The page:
So lately, it’s come to my attention that there are some serious literature snobs that walk among us. Now I still have all of my English textbooks and reading material from college, but that doesn’t mean that I read Edmund Spenser’s “Faerie Queene” for poops and giggles. I’ll get out my hardcore reading materials sometimes when the mood strikes or when I need to look up a reference, but in general, I read “pulp fiction.” Now I thought I was snobby for still having my lit books, but no, there are people who refuse to read anything but “classics” and nonfiction because pulp fiction books are “beneath” them. I so do not get this attitude.

I’ll keep my argument for pulp fiction short and sweet. Just because most things that a published now aren’t “high brow” doesn’t mean that they aren’t worth reading. They still have similar themes as classics, and they often make allusions to classics. The difference is, they’re more accessible to the general public. And when you’re a writer, you have to ask yourself, is making my message a literary piece of genius and art more important than making that message readable and enjoyable for a larger audience? Honestly, I always veer towards the latter because the purpose of my own writing is to change someone’s life like books changed mine. Even just one person is fine with me. I’m sure the James Joyce is very proud of his “Ulysses,” but most people put it on their shelves to look smart and actually haven’t read it. Hell, I have it on my shelf from my Irish literature class, and I’ll admit right off that it confused the hell out of me and the message wasn’t worth all the digging that it took to get to it, so I switched to SparkNotes a few chapters in. And an entire chapter without punctuation? Oh my god, shoot me now. It was cute for a few pages but after a while I just felt like my brain was melting.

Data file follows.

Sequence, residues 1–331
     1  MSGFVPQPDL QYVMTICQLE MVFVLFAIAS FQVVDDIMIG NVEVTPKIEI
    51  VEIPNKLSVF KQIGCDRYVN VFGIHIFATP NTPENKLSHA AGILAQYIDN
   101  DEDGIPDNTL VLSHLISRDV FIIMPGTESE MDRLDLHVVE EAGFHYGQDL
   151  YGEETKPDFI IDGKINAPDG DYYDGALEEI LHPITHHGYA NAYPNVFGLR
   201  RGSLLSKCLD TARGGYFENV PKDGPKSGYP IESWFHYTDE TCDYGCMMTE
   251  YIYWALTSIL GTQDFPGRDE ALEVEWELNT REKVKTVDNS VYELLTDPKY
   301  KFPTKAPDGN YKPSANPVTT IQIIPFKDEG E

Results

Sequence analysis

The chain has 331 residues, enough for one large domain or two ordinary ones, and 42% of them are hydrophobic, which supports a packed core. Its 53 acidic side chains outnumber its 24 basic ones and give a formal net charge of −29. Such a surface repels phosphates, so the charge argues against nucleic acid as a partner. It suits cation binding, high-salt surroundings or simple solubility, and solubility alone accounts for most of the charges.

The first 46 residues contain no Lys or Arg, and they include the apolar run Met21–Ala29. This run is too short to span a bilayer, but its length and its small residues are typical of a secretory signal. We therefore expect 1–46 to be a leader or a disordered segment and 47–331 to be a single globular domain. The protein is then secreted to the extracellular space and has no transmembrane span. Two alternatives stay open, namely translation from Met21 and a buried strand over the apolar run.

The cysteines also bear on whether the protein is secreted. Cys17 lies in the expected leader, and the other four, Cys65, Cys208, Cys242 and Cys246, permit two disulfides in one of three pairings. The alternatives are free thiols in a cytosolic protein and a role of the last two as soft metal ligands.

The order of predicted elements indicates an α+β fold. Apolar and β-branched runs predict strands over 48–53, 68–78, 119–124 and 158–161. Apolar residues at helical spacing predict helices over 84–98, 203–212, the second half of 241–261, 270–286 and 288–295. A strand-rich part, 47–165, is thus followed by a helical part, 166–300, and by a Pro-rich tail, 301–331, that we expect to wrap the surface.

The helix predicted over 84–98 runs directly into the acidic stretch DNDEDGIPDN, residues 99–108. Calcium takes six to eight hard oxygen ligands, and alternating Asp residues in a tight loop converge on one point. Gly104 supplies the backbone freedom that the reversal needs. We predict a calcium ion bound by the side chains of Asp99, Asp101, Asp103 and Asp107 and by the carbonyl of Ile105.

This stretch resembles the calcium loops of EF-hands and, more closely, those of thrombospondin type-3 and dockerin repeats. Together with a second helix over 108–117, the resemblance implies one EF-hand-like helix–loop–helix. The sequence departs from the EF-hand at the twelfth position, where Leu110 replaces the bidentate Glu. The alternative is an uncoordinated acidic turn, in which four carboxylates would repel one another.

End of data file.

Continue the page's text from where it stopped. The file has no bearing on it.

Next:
Pulp fiction doesn’t always dumb down messages, it just doesn’t beat you over the head with them like I feel that hardcore literature does. And pulp fiction can open someone’s interest for “higher reading.” I can’t believe that I’m about to defend the Twilight Saga, but I have to admit that it’s done some good for reading in a younger generation. Some of the classics have been redone with Twilight-esque covers and little seals that say “Bella’s Favorite Book” (Wuthering Heights) or “Edward and Bella’s Favorite!” (Romeo and Juliet). Now when I was working at a bookstore, these editions were actually quite a pain in the ass (I hate having identical titles shelved in different sections of the store based on covers or editions; it makes everything so much more complicated). But I can appreciate the fact that maybe Twilight has done something good in terms of getting younger girls to read more classics. 

The point is that pulp fiction has an impact on popular culture which makes it relevant to read. Yes, we should not forget the classics, but unless you’re a lit scholar or professor, reading only the classics greatly hinders your common knowledge. I believe that a healthy dose of both is necessary for a well-rounded individual. Which means that I really have to beef up my nonfiction/classics reading because I generally just read the pulp fiction. I read the newspaper on the Metro ever morning and listen to CNN while I cook dinner; when I sit down to read for myself, I try to escape this world and live in one more fantastic for just a little while. Everyone needs an escape from reality sometimes. And there’s nothing wrong with that.

The Hunger Games